Exposure rates of the Dorval Asset Management Range - December 26, 2022
The Bank of Japan surprised investors when it extended the range of fluctuation around its target interest rate for 10-year sovereign bonds. This is a technical move, but has broadly been seen as an initial step on the path to ending the BOJ’s ultra-expansionary policy. Meanwhile, central banks in Canada, Australia and the US seem to be coming to the end of their tightening cycle. It would therefore be natural to expect a narrowing in monetary policy differences in 2023, potentially leading to the end of the trend towards a rise in the dollar against most currencies.
Publication of November’s household consumption deflator in the US confirms the trends seen in the CPI. The drop in energy prices and the very sharp slowdown in inflation on goods are helping push down overall inflation (cf. chart 1).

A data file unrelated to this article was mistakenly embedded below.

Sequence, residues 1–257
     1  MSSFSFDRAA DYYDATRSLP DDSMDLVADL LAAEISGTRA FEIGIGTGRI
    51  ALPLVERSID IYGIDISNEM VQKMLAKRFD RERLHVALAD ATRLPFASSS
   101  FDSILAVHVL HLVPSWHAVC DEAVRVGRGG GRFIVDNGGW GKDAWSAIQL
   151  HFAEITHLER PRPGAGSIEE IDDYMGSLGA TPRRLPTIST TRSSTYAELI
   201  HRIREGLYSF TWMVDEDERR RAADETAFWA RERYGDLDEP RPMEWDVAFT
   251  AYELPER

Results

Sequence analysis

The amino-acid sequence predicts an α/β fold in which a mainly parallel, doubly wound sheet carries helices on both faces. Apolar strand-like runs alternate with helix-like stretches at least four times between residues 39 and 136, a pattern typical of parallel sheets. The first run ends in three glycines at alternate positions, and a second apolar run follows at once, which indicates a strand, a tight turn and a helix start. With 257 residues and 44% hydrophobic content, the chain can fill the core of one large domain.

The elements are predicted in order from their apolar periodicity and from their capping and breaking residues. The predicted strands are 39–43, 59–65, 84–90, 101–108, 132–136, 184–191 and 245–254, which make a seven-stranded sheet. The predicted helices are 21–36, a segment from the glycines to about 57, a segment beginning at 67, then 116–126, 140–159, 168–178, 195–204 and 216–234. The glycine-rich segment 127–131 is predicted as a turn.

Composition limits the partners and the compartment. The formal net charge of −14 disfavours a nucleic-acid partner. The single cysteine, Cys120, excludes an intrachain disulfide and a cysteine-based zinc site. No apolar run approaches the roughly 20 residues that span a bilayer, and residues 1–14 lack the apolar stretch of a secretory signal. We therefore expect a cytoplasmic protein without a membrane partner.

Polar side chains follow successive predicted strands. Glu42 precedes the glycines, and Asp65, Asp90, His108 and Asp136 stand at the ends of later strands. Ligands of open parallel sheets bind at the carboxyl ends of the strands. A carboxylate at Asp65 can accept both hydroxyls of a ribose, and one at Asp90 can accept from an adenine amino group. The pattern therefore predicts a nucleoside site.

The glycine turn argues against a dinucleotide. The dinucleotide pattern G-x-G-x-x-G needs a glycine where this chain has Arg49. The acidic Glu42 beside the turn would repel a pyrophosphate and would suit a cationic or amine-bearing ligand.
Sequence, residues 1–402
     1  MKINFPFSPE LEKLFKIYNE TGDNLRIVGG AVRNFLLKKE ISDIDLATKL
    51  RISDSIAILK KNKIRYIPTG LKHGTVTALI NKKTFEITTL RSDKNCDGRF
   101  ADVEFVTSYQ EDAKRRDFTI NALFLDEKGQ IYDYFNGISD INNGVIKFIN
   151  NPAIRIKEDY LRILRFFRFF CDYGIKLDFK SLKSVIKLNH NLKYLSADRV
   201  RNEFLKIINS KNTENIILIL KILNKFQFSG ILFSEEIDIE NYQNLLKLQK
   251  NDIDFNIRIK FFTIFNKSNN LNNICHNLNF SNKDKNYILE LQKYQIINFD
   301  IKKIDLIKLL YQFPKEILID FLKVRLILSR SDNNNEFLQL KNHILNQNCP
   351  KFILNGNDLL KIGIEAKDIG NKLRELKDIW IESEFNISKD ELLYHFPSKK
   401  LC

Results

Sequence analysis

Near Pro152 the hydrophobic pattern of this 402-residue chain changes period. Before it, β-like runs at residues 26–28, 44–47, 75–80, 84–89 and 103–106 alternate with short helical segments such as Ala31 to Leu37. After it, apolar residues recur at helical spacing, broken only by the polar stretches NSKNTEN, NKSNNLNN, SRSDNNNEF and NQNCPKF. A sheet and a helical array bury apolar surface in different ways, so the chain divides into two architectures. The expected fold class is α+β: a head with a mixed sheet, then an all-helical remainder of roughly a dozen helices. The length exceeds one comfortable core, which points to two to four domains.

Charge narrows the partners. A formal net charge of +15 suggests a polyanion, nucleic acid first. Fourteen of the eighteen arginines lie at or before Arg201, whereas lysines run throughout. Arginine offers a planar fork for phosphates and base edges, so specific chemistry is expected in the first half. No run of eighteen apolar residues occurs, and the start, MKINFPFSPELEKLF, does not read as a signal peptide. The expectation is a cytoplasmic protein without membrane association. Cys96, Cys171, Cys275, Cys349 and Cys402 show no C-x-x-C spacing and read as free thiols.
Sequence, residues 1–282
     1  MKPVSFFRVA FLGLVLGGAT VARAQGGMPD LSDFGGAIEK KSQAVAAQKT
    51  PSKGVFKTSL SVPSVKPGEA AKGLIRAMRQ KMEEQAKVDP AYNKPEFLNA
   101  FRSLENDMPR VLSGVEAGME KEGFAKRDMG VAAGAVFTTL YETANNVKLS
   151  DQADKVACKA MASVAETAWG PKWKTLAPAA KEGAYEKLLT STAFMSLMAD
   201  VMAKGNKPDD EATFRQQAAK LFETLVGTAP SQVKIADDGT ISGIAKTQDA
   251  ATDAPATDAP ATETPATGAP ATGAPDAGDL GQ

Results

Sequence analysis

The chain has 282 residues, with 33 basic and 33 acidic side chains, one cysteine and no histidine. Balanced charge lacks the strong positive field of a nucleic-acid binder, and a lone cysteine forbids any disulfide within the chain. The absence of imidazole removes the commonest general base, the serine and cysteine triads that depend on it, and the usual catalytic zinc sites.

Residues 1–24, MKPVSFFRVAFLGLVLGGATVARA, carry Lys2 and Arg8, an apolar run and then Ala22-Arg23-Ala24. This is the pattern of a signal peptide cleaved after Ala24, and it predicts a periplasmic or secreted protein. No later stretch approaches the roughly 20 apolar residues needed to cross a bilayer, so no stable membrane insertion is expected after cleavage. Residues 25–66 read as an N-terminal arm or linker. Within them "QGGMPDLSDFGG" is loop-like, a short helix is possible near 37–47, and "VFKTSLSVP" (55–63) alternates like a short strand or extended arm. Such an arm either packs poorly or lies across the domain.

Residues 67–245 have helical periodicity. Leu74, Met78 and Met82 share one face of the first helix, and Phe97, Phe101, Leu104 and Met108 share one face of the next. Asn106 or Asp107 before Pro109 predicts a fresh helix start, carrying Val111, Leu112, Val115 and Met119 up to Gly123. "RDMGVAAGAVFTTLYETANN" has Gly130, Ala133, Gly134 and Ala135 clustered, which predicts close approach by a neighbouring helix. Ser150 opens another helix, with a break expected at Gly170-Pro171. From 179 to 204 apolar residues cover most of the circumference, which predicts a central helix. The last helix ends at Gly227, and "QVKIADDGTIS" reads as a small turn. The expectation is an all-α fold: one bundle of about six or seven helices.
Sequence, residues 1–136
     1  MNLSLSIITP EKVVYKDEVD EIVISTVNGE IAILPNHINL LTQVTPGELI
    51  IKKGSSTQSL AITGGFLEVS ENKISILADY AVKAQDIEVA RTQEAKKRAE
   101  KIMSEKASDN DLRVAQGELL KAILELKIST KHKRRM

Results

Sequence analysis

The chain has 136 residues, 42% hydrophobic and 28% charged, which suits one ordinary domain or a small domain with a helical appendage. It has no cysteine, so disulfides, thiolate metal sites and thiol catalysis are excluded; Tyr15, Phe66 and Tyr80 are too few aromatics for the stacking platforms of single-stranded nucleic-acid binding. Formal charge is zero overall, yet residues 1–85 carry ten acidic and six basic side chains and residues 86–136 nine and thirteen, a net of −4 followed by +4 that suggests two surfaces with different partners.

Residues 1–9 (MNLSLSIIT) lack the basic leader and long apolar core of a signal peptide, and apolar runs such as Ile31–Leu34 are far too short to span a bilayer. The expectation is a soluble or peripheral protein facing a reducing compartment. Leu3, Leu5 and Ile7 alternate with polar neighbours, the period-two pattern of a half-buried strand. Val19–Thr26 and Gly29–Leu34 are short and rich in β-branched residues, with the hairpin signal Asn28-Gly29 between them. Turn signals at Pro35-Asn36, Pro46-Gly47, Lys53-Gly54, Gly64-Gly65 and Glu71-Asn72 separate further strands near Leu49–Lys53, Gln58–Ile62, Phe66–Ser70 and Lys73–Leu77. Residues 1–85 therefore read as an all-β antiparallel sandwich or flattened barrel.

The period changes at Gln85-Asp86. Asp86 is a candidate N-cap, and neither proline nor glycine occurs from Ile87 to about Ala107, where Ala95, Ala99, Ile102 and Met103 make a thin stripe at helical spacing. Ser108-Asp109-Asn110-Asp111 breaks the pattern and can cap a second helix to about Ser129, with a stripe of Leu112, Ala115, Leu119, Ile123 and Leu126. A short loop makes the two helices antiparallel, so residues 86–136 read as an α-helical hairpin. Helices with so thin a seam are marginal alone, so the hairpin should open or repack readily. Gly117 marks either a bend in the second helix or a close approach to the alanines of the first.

Meanwhile looking to economic activity, showings are very varied. In Europe, some economic indicators are improving from a very low point. In the US, the labor market remains buoyant, but the manufacturing sector is showing signs of weakness (manufacturing output and durable goods orders) while construction is clearly seeing a contraction. Household consumption is holding up for now against pressure from rising prices.
What about monetary policy in this environment? Apart from Japan, investors are expecting a hefty rate hike by June 2023, particularly as the central bank is lagging behind others (cf. chart 2).
Bar a fresh asymmetrical shock, interest rate differentials are therefore poised to narrow in 2023, which should at least halt the dollar’s uptrend (cf. chart 3).
We have broadly hedged currency risk in our international portfolios, particularly dollar vs. euro. We also maintain a relative long position on the US 5-year and short position on the German 5-year.
We wish you all a very happy holiday season.
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